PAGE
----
I did all the adhesing (that's not a word, I know) and cutting, and Little Miss did all the playing.  Well, ok.  I did some playing too.  With her.  Mostly.

Best part, it not only jazzes up the ole (I mean, new!) sewing space, but it gives Little Miss something to occupy herself with whilst I work on sewing projects.  (For the record, I'd love to teach her how to sew someday, but sometimes I just need to get down to business already.  Time to myself to sew is at a premium as it is.)

While this particular project was not free, you could get away with a cheaper version by printing up some free paper dolls from around the web, snagging some magnet paper with a 40% off coupon (Hobby Lobby, Michael's, etc. frequently have coupons in their circulars), and letting your kids go to town playing with them on your fridge (assuming you don't have a Kee-ku of your own). (Though, at $4 a set, the RVA Girls are not beyond reach by any means!)

Some of the cutest FREE paper dolls I found about the web (hooray for free!!):
I honestly didn't know that Little Miss would get into these as much as she did.  Maybe your little one would like to play too?  :)

P.S. If you dig the ones I got as much as L.M. and I do, head on over to Red Velvet Art. Elsie (the artist) was one of my teachers for my Indie Biz class and she is pretty much awesome.


Monday, July 12, 2010

The Vintage Sheet Freedom Bee

Y'all remember that Sew Mama Sew Giveaway day awhile back? If you're anything like me, you went down the list and entered giveaways crazy style. I'm a complete nerd . . . I treated it like it was my job for 2 days.

My ridiculosity paid off though as I did actually win a couple things! (I'll get around to that post eventually if anyone is interested in what I won.)

The other great thing about giveaway day? Meeting so many more beauty-licious bloggers out there.  (Not booty-licious . . . beauty-licious.  Totally different.)  One giveaway I did NOT win (boo!) led me to something perhaps even better (yay!) . . . a Vintage Sheet Freedom Bee!  That I could join!

Ok, I know what you're thinking, "But you don't really know how to quilt . . . right?"

I know. You're right. I have attempted some EXTREMELY simple quilts (um . . . 2) in the past. My long-term readers might remember the quilt top I made for Kee-ku (argh . . . still not quilted yet and he is almost a year old! I better get on that one again since I started it, you know . . . before he was born.) There was also the quilt that I made for Quilts for Kids. (Great experience by the way, definitely get in on that if you have a chance. Sidenote: our Quilts for Kids Flickr group has grown to 30 members and there are 83 pics up there last I checked! They look awesome and so many kids will be blessed by the efforts of these quilters.  Great work, ladies!)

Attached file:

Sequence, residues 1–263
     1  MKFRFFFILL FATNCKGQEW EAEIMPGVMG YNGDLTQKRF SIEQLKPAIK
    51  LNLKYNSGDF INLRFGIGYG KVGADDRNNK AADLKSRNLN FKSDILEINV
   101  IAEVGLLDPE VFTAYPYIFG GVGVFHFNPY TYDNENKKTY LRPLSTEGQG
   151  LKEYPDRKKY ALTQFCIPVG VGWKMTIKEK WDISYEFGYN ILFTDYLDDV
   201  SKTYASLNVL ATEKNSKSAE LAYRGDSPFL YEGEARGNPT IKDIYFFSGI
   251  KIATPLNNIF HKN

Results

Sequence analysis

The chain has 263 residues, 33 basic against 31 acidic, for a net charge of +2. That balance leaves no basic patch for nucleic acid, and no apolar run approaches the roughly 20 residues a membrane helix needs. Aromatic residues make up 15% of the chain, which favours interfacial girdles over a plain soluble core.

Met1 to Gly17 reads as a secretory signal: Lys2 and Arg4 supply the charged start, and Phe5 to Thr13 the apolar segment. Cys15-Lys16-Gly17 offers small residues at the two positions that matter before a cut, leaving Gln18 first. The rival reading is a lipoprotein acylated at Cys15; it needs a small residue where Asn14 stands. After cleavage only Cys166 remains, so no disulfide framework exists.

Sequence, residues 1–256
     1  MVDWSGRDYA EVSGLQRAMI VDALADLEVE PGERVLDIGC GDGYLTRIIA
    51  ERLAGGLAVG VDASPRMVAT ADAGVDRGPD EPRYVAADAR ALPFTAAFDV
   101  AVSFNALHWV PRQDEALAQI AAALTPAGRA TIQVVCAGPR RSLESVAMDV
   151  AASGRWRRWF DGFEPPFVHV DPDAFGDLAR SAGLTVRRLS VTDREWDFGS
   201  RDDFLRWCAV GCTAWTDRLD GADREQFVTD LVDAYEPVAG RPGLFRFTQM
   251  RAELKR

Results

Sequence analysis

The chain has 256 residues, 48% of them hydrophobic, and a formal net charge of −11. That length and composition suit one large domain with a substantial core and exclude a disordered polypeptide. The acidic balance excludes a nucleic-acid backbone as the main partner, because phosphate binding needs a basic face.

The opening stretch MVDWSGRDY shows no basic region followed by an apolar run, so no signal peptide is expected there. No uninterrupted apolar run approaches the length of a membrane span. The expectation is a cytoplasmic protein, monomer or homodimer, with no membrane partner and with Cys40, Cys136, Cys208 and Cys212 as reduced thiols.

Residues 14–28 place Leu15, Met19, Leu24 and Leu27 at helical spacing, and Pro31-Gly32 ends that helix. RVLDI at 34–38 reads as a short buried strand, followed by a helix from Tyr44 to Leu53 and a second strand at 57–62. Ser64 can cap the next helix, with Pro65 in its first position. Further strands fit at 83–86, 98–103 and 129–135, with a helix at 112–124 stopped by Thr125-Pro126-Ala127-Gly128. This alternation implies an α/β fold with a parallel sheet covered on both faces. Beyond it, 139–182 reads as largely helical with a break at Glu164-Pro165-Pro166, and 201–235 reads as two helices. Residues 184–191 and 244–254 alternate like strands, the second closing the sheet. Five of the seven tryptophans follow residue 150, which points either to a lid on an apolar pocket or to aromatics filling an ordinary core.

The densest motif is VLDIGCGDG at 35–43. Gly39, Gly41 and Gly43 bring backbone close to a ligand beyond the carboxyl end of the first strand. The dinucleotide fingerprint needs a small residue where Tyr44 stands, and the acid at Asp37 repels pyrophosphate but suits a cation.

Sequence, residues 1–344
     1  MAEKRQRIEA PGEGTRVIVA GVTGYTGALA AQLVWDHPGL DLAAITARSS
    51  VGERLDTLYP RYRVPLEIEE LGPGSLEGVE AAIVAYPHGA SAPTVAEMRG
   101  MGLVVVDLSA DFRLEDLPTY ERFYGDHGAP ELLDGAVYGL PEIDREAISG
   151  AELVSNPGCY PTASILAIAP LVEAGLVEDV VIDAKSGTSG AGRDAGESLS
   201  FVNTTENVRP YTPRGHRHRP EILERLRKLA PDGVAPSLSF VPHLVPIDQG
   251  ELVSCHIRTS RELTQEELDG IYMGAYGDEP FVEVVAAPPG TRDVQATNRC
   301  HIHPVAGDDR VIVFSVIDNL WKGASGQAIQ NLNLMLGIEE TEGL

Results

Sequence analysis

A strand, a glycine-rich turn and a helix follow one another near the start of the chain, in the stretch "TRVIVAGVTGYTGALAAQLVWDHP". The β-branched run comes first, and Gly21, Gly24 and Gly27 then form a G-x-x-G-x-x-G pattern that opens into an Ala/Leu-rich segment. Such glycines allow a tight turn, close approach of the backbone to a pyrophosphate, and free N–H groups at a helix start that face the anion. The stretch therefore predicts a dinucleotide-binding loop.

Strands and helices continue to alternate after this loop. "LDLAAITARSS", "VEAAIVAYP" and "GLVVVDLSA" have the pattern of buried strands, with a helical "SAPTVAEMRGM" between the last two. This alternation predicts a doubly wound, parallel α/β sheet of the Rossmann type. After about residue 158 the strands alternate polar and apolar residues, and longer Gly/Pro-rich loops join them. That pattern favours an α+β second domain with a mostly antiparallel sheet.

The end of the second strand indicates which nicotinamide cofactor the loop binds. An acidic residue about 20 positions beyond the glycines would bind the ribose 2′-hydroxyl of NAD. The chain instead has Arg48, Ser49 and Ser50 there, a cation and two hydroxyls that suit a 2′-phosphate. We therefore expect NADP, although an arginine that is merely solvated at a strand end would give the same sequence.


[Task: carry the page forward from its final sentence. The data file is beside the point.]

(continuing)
With all that being said, it seems odd that I would even be  allowed to be a part of a quilting bee.  But Deb from Works in Progress put out some feelers on giveaway day that she was thinking about hosting a Vintage Sheet Bee (if I recall correctly, she was giving away some lovely vintage sheets) if there was interest.  I went back and forth with her a few times because I really wanted to join but I needed her to understand that:
a) I am pretty much a complete novice at quilting and
b) I have no vintage sheets.

Seems like I should probably not be a part of this bee, right?


At Deb's encouragement and with her generous donation of some of her own stash of lovely vintage sheets, I will be taken under her wing to learn some simple blocks that I can make as part of the bee.  Hooray! 

Knowing only as much about quilting as I have learned from reading The Quiltmaker's Gift over and over and over again to Little Miss, I decided to google up some possibilities for simple quilt blocks that I could hopefully not only NOT ruin, but actually do well since my blocks will go on to live at different homes around the globe. 

Here are some blocks that I came up with that look promising (some are harder looking than others and I promise I have actually attempted ZERO of them so far):
What do you think?  I can do this, right?!  
What's your favorite quilt block?  I love Dresden Plates and Cathedral Windows, but I really don't think I'm quite ready for all that for my first bee.  ;)


Thursday, July 8, 2010

IKEA Sewing Room Essentials

I wish I lived by an IKEA.  The closest one is several hours away, and I've never been to it.  Lucky for me my parents live about a half hour away from one, so when I visit them (sometimes) I drag Mr. Skooks get to go shopping for home goodies. 

With my sewing room makeover in progress, it was becoming more and more clear that a side trip to said Swedish mecca was in order.  This time thankfully, my sis and brother-in-law were gracious enough to host my kiddos so I didn't have to drag them along.  Not that they don't LOVE hours of oogling at home decor items and storage solutions, mind you. 

Notable purchases necessary to make the sewing room more functional included:

  1. A new permanent home for my machines.  YAY!  No more taking it all down and packing it away to unpack it again!!  I got the longest work top I could get to fit in my space and some shwanky little legs for her.  

  2. Some boxes to corral projects in process.
  3. And a few more for smaller patterns and books.
  4. A couple rolls of paper for drawing and cutting larger pattern pieces.  I may have been stealing from Little Miss' supply before.  Possibly.  Don't tell her.
  5. Icing.  On the cake.

    Yes, I know I know.  But you agree with me, don't you . . . the chandelier was NECESSARY.  ;)

    Anyone else make a trip to the Yellow and Blue superstore lately?  Do tell. :)